It was a perfect day for running on Saturday morning high atop Raccoon Mountain. Perfect, that is, if you’re a duck or your first name is Noah.
The weatherman had predicted near 100 percent chance of rain and he was right on the money, but that didn’t keep almost 200 running fanatics from gathering at the Laurel Point Recreation Area for one of the Chattanooga Track Club’s most scenic events.
The rain was steady as runners began to gather and it got even harder as the start time approached.
By the time the runners took off from the starting line, it was a full-blown downpour.
Add a difficult crosswind at the top and conditions were less than desirable and at times, almost impossible.
Geno Phillips and Jessica Marlier were winners of the 10K while Christopher Butler and Ellie Shelton were victorious in the 15K. There were 115 who finished the 6.2-mile event while another 48 braved the elements for the out-and-back shorter event.
Phillips was all by himself when he crossed the line with a time of 35 minutes and 26 seconds but Dean Thompson wasn’t too far back as he finished second in 35:38.
Ryan Shrum was third in 37:51 while Marlier was fourth in 37:56.
While Marlier was the class of the women’s field, masters winner Dianna Leun was second as she finished 13th overall in 43:52. Cindy Duck – anyone want to take a bet that’s not her real last name – was third in 44:46 while Lisa Logan and Allison Colberg completed the top five ladies with times of 46:11 and 46:49.
Butler posted a time of 19:34 in winning the 5K while runner-up Ringo Long wasn’t even in sight with a time of 21:52.
The thirteen-year-old Shelton was eighth overall in 24:54 while the women’s runner-up was Kendi Cagle, who finished 13th in 26:17.
Phillips is a 42-year-old teacher at Red Bank Middle School who almost stayed in bed Saturday morning.
“It was just a little bit wet and a very tough course,” he explained, knowing that the first mile is basically uphill and that the remaining four miles around the perimeter also have a couple of tough climbs, including the longest and most difficult between the third and fourth miles.
“I hate running in the rain and I almost didn’t come, but I figured if I stayed home, the rain would stop. It was raining so hard at the start that we were pretty conservative for the first three miles. Dean had the lead, but I caught him going up the second big hill. I pushed the pace from that point on,” Phillips added.
Thompson is a 48-year-old veteran runner from Cohutta, Ga., who is just getting over a nagging injury. He looked to be about 100 percent on Saturday.
“I felt really good out there and it was a good workout for us both,” he said while talking with Phillips afterward. “When I realized I was leading in the first three miles, I thought that Geno had stopped and gone home, but I guess he was just playing with me at that point.
“That second hill is significant and that’s where Geno showed me who was boss. I was hoping to run under 36 minutes today and I did,” he continued, noting that his time for the first half was some 17:29 and a little faster 16:45 for the last half.
“For some reason, I’ve always run well in the rain, but that’s not saying that I always enjoy it, but today was a lot of run,” he concluded.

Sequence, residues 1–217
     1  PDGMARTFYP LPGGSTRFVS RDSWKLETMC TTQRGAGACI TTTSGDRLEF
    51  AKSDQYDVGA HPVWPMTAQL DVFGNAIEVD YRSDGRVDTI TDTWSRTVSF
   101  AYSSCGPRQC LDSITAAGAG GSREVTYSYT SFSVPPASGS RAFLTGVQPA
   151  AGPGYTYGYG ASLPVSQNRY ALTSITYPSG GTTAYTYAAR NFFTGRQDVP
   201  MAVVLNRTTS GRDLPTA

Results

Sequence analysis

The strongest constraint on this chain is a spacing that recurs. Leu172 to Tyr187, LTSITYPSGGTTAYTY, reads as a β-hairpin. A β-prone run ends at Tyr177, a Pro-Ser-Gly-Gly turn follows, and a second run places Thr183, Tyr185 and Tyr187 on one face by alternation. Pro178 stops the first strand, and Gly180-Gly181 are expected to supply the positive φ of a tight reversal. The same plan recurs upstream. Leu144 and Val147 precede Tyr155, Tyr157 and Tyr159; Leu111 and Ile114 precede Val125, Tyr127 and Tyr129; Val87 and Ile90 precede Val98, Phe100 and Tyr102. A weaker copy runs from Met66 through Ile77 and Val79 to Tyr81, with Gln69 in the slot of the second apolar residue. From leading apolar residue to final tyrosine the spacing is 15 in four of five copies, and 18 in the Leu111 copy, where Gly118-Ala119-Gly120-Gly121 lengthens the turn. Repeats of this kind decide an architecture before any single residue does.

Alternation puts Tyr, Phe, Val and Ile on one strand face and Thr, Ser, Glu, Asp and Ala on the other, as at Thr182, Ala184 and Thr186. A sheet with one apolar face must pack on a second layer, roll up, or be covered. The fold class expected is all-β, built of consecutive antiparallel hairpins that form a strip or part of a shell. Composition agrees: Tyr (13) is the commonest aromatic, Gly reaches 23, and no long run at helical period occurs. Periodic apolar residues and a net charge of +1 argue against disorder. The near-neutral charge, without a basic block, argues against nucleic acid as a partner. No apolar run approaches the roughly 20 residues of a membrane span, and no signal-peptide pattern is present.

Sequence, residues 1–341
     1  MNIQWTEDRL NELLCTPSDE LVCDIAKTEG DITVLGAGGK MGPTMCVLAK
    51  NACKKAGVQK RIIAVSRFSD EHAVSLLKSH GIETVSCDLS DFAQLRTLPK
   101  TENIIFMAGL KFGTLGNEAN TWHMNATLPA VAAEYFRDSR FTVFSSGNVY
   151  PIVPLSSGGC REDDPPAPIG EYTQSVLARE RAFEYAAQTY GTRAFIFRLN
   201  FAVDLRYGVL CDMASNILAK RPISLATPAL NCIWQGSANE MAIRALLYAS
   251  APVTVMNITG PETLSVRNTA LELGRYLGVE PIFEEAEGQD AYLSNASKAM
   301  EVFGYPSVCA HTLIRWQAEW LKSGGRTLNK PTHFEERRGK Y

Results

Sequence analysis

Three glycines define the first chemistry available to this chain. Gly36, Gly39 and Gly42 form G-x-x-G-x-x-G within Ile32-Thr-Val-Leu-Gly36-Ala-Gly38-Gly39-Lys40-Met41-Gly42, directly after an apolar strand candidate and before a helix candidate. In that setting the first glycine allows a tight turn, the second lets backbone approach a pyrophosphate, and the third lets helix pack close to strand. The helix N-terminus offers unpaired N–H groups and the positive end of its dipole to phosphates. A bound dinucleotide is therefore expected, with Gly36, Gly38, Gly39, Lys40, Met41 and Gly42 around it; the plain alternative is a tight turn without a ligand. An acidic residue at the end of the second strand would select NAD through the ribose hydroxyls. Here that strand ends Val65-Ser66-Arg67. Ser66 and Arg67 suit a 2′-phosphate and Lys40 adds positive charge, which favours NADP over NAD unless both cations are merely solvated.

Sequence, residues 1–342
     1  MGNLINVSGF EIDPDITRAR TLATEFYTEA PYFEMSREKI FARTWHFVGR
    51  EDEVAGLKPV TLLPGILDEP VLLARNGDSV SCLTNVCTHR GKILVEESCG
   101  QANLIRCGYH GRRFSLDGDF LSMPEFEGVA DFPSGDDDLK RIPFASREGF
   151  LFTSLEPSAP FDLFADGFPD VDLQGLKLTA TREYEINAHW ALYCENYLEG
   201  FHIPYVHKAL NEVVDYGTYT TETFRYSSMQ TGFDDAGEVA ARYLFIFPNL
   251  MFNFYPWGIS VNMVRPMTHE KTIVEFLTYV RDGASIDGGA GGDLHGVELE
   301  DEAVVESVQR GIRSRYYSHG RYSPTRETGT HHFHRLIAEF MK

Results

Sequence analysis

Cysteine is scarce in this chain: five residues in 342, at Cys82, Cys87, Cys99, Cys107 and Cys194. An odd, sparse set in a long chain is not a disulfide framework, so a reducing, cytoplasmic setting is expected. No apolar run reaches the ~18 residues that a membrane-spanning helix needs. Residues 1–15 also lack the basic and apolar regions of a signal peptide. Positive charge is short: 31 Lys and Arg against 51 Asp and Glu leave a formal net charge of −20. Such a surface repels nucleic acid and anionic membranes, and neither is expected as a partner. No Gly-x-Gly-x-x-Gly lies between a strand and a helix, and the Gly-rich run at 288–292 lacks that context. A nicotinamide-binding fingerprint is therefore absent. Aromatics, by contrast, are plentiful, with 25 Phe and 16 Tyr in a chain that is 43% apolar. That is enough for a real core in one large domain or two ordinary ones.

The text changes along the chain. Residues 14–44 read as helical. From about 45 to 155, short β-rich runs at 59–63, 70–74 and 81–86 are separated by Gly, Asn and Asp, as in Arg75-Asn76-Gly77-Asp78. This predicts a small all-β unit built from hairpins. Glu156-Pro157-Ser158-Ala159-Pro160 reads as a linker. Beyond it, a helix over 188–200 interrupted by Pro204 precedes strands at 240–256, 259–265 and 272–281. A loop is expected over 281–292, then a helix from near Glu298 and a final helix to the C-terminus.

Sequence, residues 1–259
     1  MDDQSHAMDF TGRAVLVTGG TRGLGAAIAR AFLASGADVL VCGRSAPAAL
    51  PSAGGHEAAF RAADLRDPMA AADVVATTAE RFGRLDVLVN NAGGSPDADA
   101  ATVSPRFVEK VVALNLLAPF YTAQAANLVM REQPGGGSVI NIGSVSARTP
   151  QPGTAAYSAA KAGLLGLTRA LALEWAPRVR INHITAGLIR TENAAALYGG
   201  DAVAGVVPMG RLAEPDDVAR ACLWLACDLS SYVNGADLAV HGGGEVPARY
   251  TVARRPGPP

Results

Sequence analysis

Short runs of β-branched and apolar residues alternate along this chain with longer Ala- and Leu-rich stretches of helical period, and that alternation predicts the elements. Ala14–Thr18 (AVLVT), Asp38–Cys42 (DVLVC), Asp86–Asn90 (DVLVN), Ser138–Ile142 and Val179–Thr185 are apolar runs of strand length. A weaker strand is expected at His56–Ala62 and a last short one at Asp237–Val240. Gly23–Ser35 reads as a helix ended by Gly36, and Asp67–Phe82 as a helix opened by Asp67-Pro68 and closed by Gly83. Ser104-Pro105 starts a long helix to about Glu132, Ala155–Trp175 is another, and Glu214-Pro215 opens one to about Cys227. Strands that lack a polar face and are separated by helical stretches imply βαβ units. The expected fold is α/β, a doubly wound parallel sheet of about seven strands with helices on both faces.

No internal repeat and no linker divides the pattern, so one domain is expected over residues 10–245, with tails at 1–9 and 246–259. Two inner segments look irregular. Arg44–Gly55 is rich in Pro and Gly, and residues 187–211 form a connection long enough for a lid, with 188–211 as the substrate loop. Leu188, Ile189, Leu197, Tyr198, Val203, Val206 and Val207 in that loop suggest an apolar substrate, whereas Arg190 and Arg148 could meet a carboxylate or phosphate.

Marlier is a 28-year-old substitute teacher who also officiates volleyball and basketball. She’s pointing toward a big day in November at the Chickamauga Battlefield Marathon, but she’s also planning to run a couple of other marathons leading up to that day.
“The door prizes today should be umbrellas,” she joked as she headed for a tent to be interviewed.
“It was wet and soggy out there, but I haven’t run a 10K in several years and just needed to see where my fitness level is. My training is paying off. It was like a monsoon at the start, but I just tried to embrace it and to have as much fun as possible.
“I tried to hang in there with Ryan. I wanted to keep my pace going up the biggest hill as I’m much stronger going down, but it was so much fun out there today. If it’s going to rain, it might as well pour, but we had a lot of fun running through the puddles,” the petite winner concluded with a smile.
Leun is a 41-year-old registered nurse at Erlanger who had her second experience on this course. She continues to get stronger and stronger and she too is pointing toward Chickamauga later in the fall.
“I’m sore now as that big gigantic hill killed me,” she said after finishing a post-race warmdown of some four miles.
“The rain certainly made it interesting, but it’s a challenging course on a good day. It was really raining hard at times and I was hoping that it would slack off just a little bit so I could see. The rain was a nice distraction for the hills, but Lisa was right on my heels the whole way,” she nodded in reference to her buddy Lisa Logan.
Sue Barlow is a 48-year-old physical therapist who won her age group with a time of 49:28. Her time wasn’t as important as her place for this race.
“I just know that I beat John Crawley today. I passed him going down the second hill and he never caught up,” she joked, knowing that the 61-year-old Crawley is a pretty good runner in his own right.
“This course will kick your butt on a sunny day, but some races are just like this. I had a good run despite the conditions,” Crawley expressed later.
Butler is a 42-year-old machinist from Grant, Alabama, a small town about midway between Huntsville and Birmingham. He was all by himself at the finish, but he was running for more than himself.
“My daughter wanted to run this race, so I came up here with her. Considering the weather, it was okay, but I’ve run much faster than this in the past,” he nodded.
Saturday’s race was the first CTC event of the year that was held under such wet conditions, but several runners mentioned the FCA 5K on Labor Day a couple of years ago as one where the rain was equally as intense.
(Email John Hunt at firstname.lastname@example.org)